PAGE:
Tuesday, July 16, 2024

Sunak running out of time to change the tune for his party ahead of polls


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London, June 16: With less than three weeks until Britain’s election day, Prime Minister Rishi Sunak is running out of time to change an ominous tune for his Conservative Party.
The UK leader – who in recent days travelled to a Group of Seven summit and a Swiss conference on the Ukraine war – has been dogged by questions about whether voters are about to bring his time in office to an abrupt end on July 4.
Polls continue to give the left-of-centre opposition Labour Party under Keir Starmer a double-digit lead over Sunak’s Conservatives, who have been in power for 14 years under five different prime ministers.
Sunak’s attempts to close the gap have had little apparent impact. The biggest splash he’s made in the campaign so far was a gaffe – the prime minister’s decision to skip an international ceremony in France on June 6 marking the 80th anniversary of the D-Day invasion. He has been apologising ever since.
Commentators are starting to talk about doomsday scenarios for the Conservatives, who have governed Britain for almost two-thirds of the past 100 years and won 365 of the 650 seats in the House of Commons in the 2019 election.
University of Strathclyde politics professor John Curtice, one of Britain’s most respected polling experts, said Conservative support is at its lowest point in UK polling history, and Sunak “must be beginning to doubt his decision to call the election early.” In the past week, both Conservatives and Labour have released their election manifestos, the detailed packages of promises that form the centrepiece of their pitch to voters.
The Conservatives focused on reducing immigration and lowering taxes, pledging 17 billion pounds (USD 22 billion) in tax cuts by 2030, to be paid for largely by slashing welfare costs.
Labour promised to get the economy expanding after years of sluggish growth by establishing a new industrial policy, investing in infrastructure, cutting planning red tape and building 1.5 million new homes. It has promised not to increase personal taxes, but the Conservatives say the tax burden will rise under Labour.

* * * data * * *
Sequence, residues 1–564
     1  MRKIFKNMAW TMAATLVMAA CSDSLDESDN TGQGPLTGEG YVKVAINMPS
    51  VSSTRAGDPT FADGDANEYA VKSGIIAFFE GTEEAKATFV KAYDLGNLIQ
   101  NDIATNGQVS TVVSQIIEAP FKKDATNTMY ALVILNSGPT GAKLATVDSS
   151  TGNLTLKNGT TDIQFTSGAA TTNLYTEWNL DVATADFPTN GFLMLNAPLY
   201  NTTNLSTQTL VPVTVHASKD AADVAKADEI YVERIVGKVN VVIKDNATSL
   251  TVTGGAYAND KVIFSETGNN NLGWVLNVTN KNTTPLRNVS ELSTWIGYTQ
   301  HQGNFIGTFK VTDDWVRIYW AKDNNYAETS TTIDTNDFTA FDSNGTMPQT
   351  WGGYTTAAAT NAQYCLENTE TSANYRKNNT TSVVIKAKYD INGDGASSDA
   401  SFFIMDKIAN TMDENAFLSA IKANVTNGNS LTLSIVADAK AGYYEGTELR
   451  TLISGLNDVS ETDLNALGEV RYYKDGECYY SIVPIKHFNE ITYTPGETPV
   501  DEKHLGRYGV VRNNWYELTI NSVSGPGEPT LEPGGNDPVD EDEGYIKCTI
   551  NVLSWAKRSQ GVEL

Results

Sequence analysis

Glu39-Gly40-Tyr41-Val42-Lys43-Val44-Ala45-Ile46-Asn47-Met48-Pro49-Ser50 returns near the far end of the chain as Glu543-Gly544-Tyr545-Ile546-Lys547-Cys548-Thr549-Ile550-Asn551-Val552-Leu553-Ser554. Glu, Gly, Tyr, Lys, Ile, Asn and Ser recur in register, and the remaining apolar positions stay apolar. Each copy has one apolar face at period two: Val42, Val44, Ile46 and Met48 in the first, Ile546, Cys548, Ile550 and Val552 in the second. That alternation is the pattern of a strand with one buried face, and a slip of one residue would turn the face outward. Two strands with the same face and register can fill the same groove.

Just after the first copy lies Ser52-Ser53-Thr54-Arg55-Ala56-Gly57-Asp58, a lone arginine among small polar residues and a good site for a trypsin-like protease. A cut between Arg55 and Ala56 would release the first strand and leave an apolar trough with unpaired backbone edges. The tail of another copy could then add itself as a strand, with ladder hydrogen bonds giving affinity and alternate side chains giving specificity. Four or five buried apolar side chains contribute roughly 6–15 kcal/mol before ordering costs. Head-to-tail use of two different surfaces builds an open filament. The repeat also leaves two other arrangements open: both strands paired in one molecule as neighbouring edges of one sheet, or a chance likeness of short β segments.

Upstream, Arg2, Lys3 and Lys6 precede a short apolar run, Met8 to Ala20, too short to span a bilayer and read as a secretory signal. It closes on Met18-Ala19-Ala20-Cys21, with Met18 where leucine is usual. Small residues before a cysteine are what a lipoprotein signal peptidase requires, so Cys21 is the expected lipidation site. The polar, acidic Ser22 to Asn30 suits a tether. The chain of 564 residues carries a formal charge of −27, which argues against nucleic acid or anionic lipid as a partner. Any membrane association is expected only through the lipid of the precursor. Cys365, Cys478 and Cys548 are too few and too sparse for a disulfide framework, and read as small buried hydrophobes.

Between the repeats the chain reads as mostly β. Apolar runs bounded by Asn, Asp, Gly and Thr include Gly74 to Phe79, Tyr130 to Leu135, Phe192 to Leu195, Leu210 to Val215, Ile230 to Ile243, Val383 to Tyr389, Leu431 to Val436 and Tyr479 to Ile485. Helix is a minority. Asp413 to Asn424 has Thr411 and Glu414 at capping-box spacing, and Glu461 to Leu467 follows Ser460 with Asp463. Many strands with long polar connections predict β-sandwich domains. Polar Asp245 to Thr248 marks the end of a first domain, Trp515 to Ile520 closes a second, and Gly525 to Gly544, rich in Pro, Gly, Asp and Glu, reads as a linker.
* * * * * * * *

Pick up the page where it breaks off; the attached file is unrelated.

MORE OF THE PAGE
Critics say neither party is being upfront about the tax increases that would be needed to repair public services left threadbare after years of Conservative-led spending cuts, Brexit, a global pandemic and the cost-of-living crisis triggered by Russia’s 2022 invasion of Ukraine.
“The gaping hole in both parties’ manifestos is a reckoning with the scale and severity of the fiscal problems that will confront whoever wins the election,” said Hannah White, director of Independent think-tank the Institute for Government.
The Conservatives’ electoral prospects worsened when populist firebrand Nigel Farage entered the race at the helm of the right-wing party Reform UK.
Though it is unlikely to win many seats in Parliament, Reform’s vote share appears to be rising, largely at the expense of the Conservatives.
In recent days, the Conservative message has shifted from aiming at victory to warning that voting Reform could help Labour win a landslide.
“If you vote for anybody else other than a Conservative candidate, you’re going to get a Labour government with a large majority,” Transport Secretary Mark Haper told the BBC on Sunday.
Labour is concerned that its supporters will think the election is in the bag and stay home on polling day. Health spokesman Wes Streeting cautioned Sunday that there was “breathtaking complacency in the media” about the Labour Party’s poll lead.
Sunak, who has been in office for less than 20 months, insists he is still fighting to win.
Britain’s first Hindu prime minister told the Sunday Times he was guided by the concept of dharma, which he said roughly translates as “doing your duty and not having a focus on the outcomes of it.”
“Work as hard as you can, do what you believe is right, and try, and what will be will be,” he said. (AP)


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